GENRE: Young Adult, Contemporary, Speculative aspect
THEMES: sexuality, family, living in the Bronx neighbourhood, dealing with painful memories, being true to yourself
WHAT WOULD BE ITS TIER RANK: “soft favourite”
FAVORITE CHARACTERS: Aaron, Genevieve, Thomas, Mrs Soto
FAVOURITE QUOTE: ““You going to tell me you always knew or something like that?”…. “I’m better than that, my son.””
WHO I WOULD RECOMMEND IT TO? people looking for meaningful, unique, ‘slice-of-life’ contemporaries
This shows that reading the books I truly want to read rather than relying on hype is more beneficial because I genuinely loved this book. It was what I wanted and expected from Adam Silvera. I loved how much heart was put into both of these Silvera books, but this one, in particular, had a whole lot of heart.
This felt like a very personal ‘slice-of-life’ style book as it essentially details what it is like to be gay, Latinx, poor in the Bronx neighbourhood. To understand what it is like living in Aaron’s world, the joys AND the hardships. It closely examined how it wasn’t safe to be gay, resulting in fear and internal struggles. As Aaron questioned himself along with the availability of a memory altering programme, it brought in an intangible mess of emotions that felt so urgent and life-changing. There were a lot of feelings to unpack, but Silvera did a great job. Giving in to the confusing emotions and impulsive decisions but ensuring they were balanced out with a meaningful message that can’t be said enough. Perhaps the ending was a little imperfect, but I think that’s why I liked it.
I loved that this book truly meant something. Bonus: I loved the other aspects. The messy characters in the midst of discovering how they feel and who they want to be. The tackling of heavy subjects with a realistic yet uplifting message. And, finally, a plot twist that genuinely shook me. *chef’s kiss*
My main praise for the characters, all the characters, can be summed up in one statement… it allowed them to be messy. For me, it really captured the realistic nature of growing up. They were complicated, emotional, scared, hopeful, loved-up, undecided and PERFECTLY (humanly) MESSY. Whether the sweetheart characters or the morally grey ones. I really thank the novel for that.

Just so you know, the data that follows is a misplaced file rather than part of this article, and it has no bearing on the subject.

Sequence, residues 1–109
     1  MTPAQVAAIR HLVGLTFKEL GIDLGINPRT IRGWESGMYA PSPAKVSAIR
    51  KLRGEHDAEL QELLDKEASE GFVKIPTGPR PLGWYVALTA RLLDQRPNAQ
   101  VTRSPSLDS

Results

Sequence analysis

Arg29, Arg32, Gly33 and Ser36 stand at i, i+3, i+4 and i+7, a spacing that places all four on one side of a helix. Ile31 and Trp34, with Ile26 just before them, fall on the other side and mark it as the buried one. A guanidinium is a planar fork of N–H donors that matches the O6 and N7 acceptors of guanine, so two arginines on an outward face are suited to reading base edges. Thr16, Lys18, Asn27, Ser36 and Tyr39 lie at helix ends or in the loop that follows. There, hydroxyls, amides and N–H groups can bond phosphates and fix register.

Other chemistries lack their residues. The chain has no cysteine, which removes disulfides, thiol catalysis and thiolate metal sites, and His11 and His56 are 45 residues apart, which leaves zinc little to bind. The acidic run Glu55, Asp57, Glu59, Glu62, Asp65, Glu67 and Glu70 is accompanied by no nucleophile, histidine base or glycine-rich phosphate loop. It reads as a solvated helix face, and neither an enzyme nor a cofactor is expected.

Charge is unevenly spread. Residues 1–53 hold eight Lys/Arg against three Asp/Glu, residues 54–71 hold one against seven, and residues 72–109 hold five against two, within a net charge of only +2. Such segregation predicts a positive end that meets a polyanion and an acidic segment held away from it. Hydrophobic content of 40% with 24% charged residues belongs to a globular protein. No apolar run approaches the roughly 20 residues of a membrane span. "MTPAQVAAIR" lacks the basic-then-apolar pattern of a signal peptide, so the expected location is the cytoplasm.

Now onto the main character… Aaron Soto was lovable. I say this because
I love him his personality was infused into the writing through certain colloquial manners, how he handles his struggles to his commentary. I liked how he relied on clever digs over outright insults. How his voice was captured made it feel like a personal insight into Aaron’s mind. I felt close and bonded to him. Plus, it helped that I genuinely liked him. Like I have faith that Aaron would look after my dog well… and I don’t say that about most people.
All of this helped me emotionally connect to his journey… and, oh boy, what a journey. It was heartbreaking and heartwarming all in one. Yes, it made me cry. If you read this book, I challenge you not to feel for him. I love any book which makes me love a character like this.
In the novel, there was the Leteo procedure that removed unwanted memories. Initially, I felt wary of this aspect, but thankfully, I loved it. The development of the procedure was really well done. Social, technical and emotional factors were all considered to create a realistic, humanly flawed new concept.
It became an interesting approach to consider as well. We all have memories we want to live without, whether small or big. What would you do if you had the option to remove them? The more I considered it, the more interesting it became.
In the context of Aaron’s story, it had a heavyweight. It was complex and intricate as it dealt with internalised homophobia, suicide, violence and more. Yes, Aaron wanted to live without some of these memories, but what would it mean? You’d miss the lessons they teach, ignore parts of yourself, and the people around you would know your past whilst you are none the wiser. I like how it wasn’t treated simply but still promoted a healthy core message. Job well done, I’d say.
MORE ABOUT ADAM SILVERA
Adam Silvera is the #1 New York Times bestselling author of Infinity Reaper, Infinity Son, They Both Die at the End, More Happy Than Not, History Is All You Left Me, and—with Becky Albertalli—What If It’s Us and Here’s to Us. All his novels have received multiple starred reviews. He worked in the publishing industry as a children’s bookseller, community manager at a content development company, and book reviewer of children’s and young adult novels. He was born and raised in New York. He lives in Los Angeles and is tall for no reason.